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J Biomed Semantics. 2014 Sep 3;5:38. doi: 10.1186/2041-1480-5-38. eCollection 2014.

Evaluating the Emotion Ontology through use in the self-reporting of emotional responses at an academic conference.

Author information

1
Cheminformatics and Metabolism, EMBL - European Bioinformatics Institute, Wellcome Trust Genome Campus, Hinxton, CB10 1SD UK ; Swiss Center for Affective Sciences, University of Geneva, Geneva, Switzerland.
2
School of Computer Science, University of Manchester, Oxford Road, Manchester, M13 9PL UK ; Faculty of Life Sciences, University of Manchester, Oxford Road, Manchester, M13 9PL UK.
3
School of Computer Science, University of Manchester, Oxford Road, Manchester, M13 9PL UK.

Abstract

BACKGROUND:

We evaluate the application of the Emotion Ontology (EM) to the task of self-reporting of emotional experience in the context of audience response to academic presentations at the International Conference on Biomedical Ontology (ICBO). Ontology evaluation is regarded as a difficult task. Types of ontology evaluation range from gauging adherence to some philosophical principles, following some engineering method, to assessing fitness for purpose. The Emotion Ontology (EM) represents emotions and all related affective phenomena, and should enable self-reporting or articulation of emotional states and responses; how do we know if this is the case? Here we use the EM 'in the wild' in order to evaluate the EM's ability to capture people's self-reported emotional responses to a situation through use of the vocabulary provided by the EM.

RESULTS:

To achieve this evaluation we developed a tool, EmOntoTag, in which audience members were able to capture their self-reported emotional responses to scientific presentations using the vocabulary offered by the EM. We furthermore asked participants using the tool to rate the appropriateness of an EM vocabulary term for capturing their self-assessed emotional response. Participants were also able to suggest improvements to the EM using a free-text feedback facility. Here, we present the data captured and analyse the EM's fitness for purpose in reporting emotional responses to conference talks.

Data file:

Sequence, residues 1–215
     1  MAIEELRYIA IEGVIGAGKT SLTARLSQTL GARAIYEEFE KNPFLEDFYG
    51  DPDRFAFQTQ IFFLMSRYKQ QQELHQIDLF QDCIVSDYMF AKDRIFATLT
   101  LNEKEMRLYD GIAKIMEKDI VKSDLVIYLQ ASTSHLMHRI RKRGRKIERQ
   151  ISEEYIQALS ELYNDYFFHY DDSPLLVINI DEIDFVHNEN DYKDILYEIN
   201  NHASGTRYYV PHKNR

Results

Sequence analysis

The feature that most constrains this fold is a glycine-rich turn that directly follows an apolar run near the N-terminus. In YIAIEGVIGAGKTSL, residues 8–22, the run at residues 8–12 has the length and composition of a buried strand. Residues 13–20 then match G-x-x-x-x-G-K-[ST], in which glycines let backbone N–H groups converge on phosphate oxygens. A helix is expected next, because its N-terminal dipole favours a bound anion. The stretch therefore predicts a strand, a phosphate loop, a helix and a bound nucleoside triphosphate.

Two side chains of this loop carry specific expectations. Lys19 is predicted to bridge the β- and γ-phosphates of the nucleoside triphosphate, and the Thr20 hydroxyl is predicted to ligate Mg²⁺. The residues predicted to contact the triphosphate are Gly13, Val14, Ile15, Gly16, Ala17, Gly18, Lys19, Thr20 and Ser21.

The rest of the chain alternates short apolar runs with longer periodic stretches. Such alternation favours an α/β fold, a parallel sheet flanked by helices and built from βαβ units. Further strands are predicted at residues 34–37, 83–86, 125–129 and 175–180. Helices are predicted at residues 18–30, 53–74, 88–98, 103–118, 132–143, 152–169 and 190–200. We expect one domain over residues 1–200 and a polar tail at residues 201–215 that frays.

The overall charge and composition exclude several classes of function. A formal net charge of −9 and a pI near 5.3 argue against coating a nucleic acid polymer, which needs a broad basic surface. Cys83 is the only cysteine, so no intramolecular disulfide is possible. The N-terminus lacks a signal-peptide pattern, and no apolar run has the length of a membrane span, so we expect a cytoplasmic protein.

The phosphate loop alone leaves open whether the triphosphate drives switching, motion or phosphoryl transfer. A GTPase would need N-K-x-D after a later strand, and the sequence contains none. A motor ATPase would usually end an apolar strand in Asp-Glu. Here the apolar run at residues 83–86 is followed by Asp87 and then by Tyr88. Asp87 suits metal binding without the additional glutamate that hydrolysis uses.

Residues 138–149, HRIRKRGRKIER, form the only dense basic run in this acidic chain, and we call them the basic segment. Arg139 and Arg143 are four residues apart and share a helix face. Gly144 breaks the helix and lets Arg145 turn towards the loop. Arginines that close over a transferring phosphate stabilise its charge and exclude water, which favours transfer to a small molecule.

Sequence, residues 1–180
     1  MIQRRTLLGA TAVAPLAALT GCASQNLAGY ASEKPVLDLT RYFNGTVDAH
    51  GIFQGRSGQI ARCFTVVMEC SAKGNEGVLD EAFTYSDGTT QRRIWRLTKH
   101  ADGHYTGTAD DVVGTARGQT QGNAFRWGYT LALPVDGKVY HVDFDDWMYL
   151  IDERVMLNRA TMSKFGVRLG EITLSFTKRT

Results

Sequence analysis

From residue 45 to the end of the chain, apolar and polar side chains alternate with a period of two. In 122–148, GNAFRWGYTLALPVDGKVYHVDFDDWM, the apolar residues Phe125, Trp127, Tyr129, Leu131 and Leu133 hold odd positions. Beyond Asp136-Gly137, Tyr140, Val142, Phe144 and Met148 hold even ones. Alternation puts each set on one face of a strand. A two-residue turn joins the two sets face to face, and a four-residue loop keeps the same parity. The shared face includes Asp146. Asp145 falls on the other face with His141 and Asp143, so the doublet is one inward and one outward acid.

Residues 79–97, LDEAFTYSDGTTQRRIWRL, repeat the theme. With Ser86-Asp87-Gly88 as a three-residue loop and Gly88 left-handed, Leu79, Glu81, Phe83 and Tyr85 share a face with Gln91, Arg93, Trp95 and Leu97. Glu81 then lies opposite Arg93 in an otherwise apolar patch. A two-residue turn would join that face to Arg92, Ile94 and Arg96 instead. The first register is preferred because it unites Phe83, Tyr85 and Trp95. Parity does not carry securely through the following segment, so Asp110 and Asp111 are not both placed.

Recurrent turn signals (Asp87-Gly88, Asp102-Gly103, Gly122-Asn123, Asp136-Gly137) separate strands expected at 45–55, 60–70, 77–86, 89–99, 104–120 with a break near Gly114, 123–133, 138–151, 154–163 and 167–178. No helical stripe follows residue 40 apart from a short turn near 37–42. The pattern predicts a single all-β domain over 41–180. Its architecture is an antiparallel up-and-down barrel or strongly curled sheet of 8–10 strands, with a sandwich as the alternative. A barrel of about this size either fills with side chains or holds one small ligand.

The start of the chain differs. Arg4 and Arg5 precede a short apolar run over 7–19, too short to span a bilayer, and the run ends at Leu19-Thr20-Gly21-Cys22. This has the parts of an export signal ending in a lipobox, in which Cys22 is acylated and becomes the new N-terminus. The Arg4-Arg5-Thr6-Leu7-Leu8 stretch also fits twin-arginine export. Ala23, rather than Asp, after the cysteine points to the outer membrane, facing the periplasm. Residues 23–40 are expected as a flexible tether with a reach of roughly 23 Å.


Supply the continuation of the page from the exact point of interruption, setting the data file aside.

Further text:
CONCLUSIONS:

Based on our analysis of this data set, our primary finding is that the audience are able to articulate their emotional response to a talk via the EM, and reporting via the EM ontology is able to draw distinctions between the audience's response to a speaker and between the speakers (or talks) themselves. Thus we can conclude that the vocabulary provided at the leaves of the EM are fit for purpose in this setting. We additionally obtained interesting observations from the experiment as a whole, such as that the majority of emotions captured had positive valence, and the free-form feedback supplied new terms for the EM.

AVAILABILITY:

EmOntoTag can be seen at http://www.bioontology.ch/emontotag; source code can be downloaded from http://emotion-ontology.googlecode.com/svn/trunk/apps/emontotag/and the ontology is available at http://purl.obolibrary.org/obo/MFOEM.owl.

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